Bachelor Nation

"What Happened to Our Hopeless Romantic Bachelor?": Sharleen Joynt on The Bachelor Finale Part 2

Bach alum Sharleen Joynt shares her insider POV on episode 12 of Pilot Pete's season

bachelor episode 12 recap: Madison and Peter Weber

(Photo: ABC)

Wow. I’m almost (almost!) at a loss for words. Chris Harrison wasn’t lying when he said this season’s ending would be dramatic, shocking, and unexpected. But now that it’s all over, I’m left wishing I even knew what I just watched. I always want to be supportive of our new couple—whomever the actual last woman standing may be—just as I’d love to let whatever it took for that couple to even GET to this point become water under the bridge. But you guys, last night was hella FISHY.

First, before I get to dissecting this finale and the season as a whole, I have to say I feel for both Peter’s mother, Barbaraand for Madison. Frankly, if I were Barbara and had experienced her side of things, I’m not sure I’d like Madison a whole lot either. Even if Peter’s family’s having to wait three hours isn’t Madison’s fault directly (why couldn’t production have given them a separate chunk of time to talk things out?), it does represent an overall difficulty, a challenge in need of overcoming, which any mother (certainly mine) wouldn’t look upon lightly. Further, in general Madison doesn’t seem to show much reverence for the mother of the guy she’s dating and supposedly loves. I get that they got off to a rocky start, but clearly, despite months having passed since that meeting in Australia, no efforts had been made to improve this relationship. (Perhaps this is on purpose thanks to production? It’s possible. Madison seemed somewhat surprised by Barbara’s attacks.)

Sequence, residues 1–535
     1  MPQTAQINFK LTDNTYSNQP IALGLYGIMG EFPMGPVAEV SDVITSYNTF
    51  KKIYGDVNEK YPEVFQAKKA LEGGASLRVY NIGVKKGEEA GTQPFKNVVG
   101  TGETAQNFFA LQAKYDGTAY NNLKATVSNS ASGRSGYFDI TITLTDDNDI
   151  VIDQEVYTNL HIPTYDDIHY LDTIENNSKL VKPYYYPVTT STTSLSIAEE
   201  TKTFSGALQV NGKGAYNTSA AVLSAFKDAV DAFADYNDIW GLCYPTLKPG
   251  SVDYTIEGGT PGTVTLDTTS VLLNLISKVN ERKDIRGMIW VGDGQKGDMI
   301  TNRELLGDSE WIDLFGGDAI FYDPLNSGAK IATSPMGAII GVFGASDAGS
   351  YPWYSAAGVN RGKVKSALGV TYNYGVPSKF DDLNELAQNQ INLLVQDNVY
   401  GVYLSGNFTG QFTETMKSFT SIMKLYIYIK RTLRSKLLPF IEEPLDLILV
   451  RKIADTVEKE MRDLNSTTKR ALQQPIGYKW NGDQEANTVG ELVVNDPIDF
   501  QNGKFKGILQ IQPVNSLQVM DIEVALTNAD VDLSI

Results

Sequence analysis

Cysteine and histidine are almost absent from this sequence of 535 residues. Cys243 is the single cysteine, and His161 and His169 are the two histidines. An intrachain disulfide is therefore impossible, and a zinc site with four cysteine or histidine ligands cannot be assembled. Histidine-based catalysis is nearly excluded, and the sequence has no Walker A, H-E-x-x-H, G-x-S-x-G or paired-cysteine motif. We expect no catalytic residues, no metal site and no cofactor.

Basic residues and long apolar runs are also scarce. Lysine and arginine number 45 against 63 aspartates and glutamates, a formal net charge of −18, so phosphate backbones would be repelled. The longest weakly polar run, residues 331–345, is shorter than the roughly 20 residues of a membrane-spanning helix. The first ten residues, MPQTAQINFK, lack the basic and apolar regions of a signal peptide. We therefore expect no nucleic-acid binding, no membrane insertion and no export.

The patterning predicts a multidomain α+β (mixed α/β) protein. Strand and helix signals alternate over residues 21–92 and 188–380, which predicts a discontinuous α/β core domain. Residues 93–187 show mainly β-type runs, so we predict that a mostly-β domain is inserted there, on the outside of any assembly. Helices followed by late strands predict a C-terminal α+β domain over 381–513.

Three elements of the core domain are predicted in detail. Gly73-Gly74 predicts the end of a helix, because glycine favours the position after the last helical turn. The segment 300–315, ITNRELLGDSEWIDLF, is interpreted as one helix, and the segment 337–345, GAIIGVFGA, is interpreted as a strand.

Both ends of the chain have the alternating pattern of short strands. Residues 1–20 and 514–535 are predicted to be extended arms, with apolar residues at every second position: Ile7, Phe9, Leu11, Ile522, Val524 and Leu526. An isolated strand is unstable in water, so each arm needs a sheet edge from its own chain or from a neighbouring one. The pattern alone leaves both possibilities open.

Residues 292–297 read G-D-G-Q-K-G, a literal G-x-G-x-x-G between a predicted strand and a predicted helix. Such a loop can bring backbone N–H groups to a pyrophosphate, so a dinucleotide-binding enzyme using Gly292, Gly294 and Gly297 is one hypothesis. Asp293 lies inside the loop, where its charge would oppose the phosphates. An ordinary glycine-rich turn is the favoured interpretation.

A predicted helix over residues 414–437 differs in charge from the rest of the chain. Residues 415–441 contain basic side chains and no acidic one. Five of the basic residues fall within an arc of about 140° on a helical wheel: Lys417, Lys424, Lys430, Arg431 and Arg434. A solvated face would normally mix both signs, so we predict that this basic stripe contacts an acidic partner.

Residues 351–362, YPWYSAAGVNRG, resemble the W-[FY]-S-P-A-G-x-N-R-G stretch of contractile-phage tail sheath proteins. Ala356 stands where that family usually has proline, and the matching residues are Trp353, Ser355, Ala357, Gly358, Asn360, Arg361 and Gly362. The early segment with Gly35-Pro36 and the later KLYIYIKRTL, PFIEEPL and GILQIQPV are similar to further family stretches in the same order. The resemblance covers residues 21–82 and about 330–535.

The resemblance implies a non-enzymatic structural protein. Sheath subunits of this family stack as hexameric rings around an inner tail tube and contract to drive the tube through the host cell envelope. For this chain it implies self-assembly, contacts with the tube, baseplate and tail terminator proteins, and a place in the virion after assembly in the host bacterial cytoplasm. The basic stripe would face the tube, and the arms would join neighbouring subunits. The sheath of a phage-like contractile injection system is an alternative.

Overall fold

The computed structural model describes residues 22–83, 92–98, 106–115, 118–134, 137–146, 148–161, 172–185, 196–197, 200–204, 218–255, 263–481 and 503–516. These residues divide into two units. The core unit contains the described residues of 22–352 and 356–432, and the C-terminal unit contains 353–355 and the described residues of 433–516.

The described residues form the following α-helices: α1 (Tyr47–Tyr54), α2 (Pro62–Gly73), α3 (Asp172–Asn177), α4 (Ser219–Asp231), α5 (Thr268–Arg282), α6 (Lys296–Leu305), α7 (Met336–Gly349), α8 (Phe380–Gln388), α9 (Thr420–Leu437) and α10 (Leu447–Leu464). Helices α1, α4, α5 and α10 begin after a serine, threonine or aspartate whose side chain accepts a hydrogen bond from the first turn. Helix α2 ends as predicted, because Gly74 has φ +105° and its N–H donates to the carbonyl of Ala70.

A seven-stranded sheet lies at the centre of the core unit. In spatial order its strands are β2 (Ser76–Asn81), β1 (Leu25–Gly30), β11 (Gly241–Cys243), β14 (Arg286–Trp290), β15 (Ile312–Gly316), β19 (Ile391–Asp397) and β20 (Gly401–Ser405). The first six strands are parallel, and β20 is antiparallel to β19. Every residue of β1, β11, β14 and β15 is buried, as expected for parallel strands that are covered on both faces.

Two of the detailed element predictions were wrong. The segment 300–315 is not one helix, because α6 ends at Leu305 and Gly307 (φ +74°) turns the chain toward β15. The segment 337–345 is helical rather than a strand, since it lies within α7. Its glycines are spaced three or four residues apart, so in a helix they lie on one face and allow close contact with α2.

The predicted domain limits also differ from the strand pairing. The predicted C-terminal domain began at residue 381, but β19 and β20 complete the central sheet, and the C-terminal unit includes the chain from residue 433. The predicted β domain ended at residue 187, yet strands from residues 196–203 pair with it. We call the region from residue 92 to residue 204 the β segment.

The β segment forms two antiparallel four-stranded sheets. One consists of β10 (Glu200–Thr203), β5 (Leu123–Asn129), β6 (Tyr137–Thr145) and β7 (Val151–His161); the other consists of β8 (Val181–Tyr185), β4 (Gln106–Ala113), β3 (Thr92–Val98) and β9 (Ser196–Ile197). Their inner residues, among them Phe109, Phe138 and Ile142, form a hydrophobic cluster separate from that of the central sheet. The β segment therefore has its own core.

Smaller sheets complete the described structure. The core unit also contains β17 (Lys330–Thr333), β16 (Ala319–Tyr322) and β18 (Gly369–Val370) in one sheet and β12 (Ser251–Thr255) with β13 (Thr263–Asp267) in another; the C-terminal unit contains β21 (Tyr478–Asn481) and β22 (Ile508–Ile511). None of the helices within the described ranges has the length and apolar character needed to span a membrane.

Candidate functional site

Meanwhile, I feel for Madison, too—that day in Australia looked downright awful. At the start of her conversation with Peter, I truly thought she might go home, she seemed so furious and unhappy. Given what she and Peter had just gone through (we’ll call it Fantasy-Suite-Ultimatum-gate) and the fact they’d never really discussed it further, it felt very wrong for the only time they’d have together to land RIGHT BEFORE they’d meet his family. That was just a crappy situation for all parties. Last night, I loved how Madison made it clear that this was her journey every bit that it was Peter’s, and she was right to clap back when Barbara laced into her and their relationship with shocking vitriol. It’s clear Barbara is involved, protective of Peter, and even meddles in his dating life—and that in and of itself shows that maybe Peter should have watched his words when first describing Madison. If he had kept Fantasy-Suite-Ultimatum-gate to himself, especially since the rest of their relationship was so great, his mother wouldn’t have had the same motivation (or ammunition) to go into that first meeting on the offence like she did.

Throughout this finale and the season as a whole, though, notice how the real culprit—production—somehow remained a blameless fly on the wall.